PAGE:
Developing vision for next Air Commando leaders

  • Published
  • By Lt. Col. Christopher Ireland
  • 15th SOS
"A true sign of leadership is not how well you run your organization, but how well it runs once you're gone." -- Anonymous senior non-commissioned officer

To lead Air Commandos in the Global War on Terrorism, today's Special Operations Forces leader must be able to visualize the way ahead, lead their Airmen to the end state and "power-down" authorities to the lowest levels commensurate with the risk.

Frequently our SOF taskings require us to operate not just "Anytime, Anyplace," but often in conditions more closely resembling "Alone and Unafraid."

How then do we, the Air Commandos of today, prepare the next generation to lead in such uncertain environments? We must, without fail, ensure they receive every opportunity to learn from, and participate in, today's leadership challenges.

The five steps in U.S. Army Field Manual 6-0, the service's doctrinal model for combat leadership, has something to offer Air Commandos in this respect.

We must leave them with the capacity to visualize the nature and design of operations, to describe their vision to staff and subordinate-commanders, to direct the execution of their vision, and to personally lead and assess their organization throughout.

As Airmen, we receive professional military education to improve our communication skills to describe and direct. As Air Commandos, we are trained to execute specific tactical tasks.

We use our technical "know-how" to lead and assess people and processes. Visualization is the first critical step in the process.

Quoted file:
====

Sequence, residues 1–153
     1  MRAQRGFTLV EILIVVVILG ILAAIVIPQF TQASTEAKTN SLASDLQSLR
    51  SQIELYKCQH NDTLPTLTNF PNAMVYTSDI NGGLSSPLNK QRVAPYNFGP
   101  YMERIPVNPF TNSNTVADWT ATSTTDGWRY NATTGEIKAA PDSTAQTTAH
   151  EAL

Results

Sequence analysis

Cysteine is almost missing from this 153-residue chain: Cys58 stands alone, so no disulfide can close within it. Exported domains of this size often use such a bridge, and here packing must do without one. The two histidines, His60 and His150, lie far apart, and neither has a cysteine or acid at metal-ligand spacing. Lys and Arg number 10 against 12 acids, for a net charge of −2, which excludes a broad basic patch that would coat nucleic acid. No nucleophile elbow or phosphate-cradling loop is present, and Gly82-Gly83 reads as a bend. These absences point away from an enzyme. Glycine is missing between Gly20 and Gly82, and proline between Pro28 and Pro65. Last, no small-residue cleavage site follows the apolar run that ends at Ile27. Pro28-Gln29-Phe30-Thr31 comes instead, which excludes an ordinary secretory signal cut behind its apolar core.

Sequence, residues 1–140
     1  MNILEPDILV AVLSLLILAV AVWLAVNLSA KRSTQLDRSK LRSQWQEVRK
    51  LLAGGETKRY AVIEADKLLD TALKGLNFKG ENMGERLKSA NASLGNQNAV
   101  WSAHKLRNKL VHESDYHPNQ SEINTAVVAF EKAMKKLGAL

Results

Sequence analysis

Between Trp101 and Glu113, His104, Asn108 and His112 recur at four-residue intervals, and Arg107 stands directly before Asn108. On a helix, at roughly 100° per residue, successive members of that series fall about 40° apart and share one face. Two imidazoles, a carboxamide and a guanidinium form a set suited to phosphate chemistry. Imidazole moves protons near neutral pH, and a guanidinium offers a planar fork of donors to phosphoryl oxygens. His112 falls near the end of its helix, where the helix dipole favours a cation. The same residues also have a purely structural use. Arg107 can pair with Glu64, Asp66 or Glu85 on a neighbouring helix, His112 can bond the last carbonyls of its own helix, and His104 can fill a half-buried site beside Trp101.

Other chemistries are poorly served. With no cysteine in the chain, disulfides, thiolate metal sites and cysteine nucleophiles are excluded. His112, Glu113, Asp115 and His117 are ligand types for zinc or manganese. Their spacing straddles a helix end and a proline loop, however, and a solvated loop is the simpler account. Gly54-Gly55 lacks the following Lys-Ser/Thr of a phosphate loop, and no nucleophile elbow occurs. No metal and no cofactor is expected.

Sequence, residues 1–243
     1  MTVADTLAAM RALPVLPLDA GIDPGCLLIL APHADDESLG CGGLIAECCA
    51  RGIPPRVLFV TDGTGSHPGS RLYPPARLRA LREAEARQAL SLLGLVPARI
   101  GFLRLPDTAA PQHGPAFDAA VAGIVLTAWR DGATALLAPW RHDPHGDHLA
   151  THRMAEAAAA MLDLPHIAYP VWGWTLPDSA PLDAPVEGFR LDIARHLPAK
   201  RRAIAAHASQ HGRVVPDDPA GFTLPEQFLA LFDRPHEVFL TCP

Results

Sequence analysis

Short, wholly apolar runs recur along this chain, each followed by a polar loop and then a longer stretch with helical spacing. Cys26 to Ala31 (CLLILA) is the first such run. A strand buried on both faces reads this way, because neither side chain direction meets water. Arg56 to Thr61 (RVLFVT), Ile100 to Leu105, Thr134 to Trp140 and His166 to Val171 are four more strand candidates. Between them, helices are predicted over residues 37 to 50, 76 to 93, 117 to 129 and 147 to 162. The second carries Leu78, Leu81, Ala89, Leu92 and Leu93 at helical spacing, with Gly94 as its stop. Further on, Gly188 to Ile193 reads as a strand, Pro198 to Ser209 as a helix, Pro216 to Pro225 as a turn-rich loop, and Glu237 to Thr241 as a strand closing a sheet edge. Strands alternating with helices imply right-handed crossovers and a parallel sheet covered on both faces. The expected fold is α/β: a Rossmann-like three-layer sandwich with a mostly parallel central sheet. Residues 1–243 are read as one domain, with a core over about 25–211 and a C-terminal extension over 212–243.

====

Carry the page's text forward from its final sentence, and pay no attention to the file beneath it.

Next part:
Learning to visualize does not come from a PME syllabus, nor can you be trained at tech school to acquire this skill. More often than not, experience is the only teacher.

Unless the Air Commandos of today take the time to share our experiences, the Air Commando leaders of tomorrow will be forced to re-learn our lessons the hard way.

Yet, visualization requires more than simply pulling from personal or collective experiences. Fundamentally, visualization requires decision making as well.

Our experiences tell us that visualizing a course of action can be a very intricate, deliberate decision-making process.

Other times, it might require a split-second decision. When afforded the time, grab your junior leaders and describe to them what you're thinking, what issues you're considering, how you're weighing risk and get their inputs. When you don't have the time, be directive and get the mission done ... but be sure later on to use a debrief or similar tool to pass on the "how and why" of your decisions.

The ensuing discussion will put vital tools in their leadership kit bags. As you grow these junior leaders, you'll find they're able to anticipate your decisions. As their anticipation grows, so grows their own ability to visualize.

In reality, this model of combat leadership is not limited to combat only. Applied properly, visualize, describe, direct, lead and assess are fundamental leadership steps for any scenario. They can provide certainty in uncertain times.

As the Global War on Terrorism evolves, our nation will require Air Commando leaders to reach timely, appropriate decisions in uncertain conditions.

So here's my challenge to you: In order to develop the next generation of Air Commandos, you must take the time to "read in" the next generation of Air Force Special Operation Command leaders into your decision making process.

Passing on your visualization techniques does not require any cosmic PowerPoint briefing or training session - just your time. Have you taken the time to ensure your organization, led by the next generation of Air Commando leaders, will succeed once you've moved on?